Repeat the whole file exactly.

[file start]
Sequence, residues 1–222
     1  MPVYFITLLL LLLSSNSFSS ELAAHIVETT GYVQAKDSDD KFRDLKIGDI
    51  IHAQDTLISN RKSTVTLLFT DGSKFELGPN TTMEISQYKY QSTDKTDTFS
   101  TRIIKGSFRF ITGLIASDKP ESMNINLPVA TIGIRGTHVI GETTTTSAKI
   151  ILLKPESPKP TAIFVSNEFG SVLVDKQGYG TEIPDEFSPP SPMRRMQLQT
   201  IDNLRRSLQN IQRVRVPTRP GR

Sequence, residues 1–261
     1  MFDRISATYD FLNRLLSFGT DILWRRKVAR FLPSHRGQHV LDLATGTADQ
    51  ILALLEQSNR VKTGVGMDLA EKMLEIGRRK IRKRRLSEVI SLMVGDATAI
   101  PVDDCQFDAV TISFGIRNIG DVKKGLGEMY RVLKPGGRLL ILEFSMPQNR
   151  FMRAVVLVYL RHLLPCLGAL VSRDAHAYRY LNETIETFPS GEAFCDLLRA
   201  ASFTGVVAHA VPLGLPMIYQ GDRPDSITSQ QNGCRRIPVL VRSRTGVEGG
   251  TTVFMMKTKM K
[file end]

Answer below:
Sequence, residues 1–222
     1  MPVYFITLLL LLLSSNSFSS ELAAHIVETT GYVQAKDSDD KFRDLKIGDI
    51  IHAQDTLISN RKSTVTLLFT DGSKFELGPN TTMEISQYKY QSTDKTDTFS
   101  TRIIKGSFRF ITGLIASDKP ESMNINLPVA TIGIRGTHVI GETTTTSAKI
   151  ILLKPESPKP TAIFVSNEFG SVLVDKQGYG TEIPDEFSPP SPMRRMQLQT
   201  IDNLRRSLQN IQRVRVPTRP GR

Sequence, residues 1–261
     1  MFDRISATYD FLNRLLSFGT DILWRRKVAR FLPSHRGQHV LDLATGTADQ
    51  ILALLEQSNR VKTGVGMDLA EKMLEIGRRK IRKRRLSEVI SLMVGDATAI
   101  PVDDCQFDAV TISFGIRNIG DVKKGLGEMY RVLKPGGRLL ILEFSMPQNR
   151  FMRAVVLVYL RHLLPCLGAL VSRDAHAYRY LNETIETFPS GEAFCDLLRA
   201  ASFTGVVAHA VPLGLPMIYQ GDRPDSITSQ QNGCRRIPVL VRSRTGVEGG
   251  TTVFMMKTKM K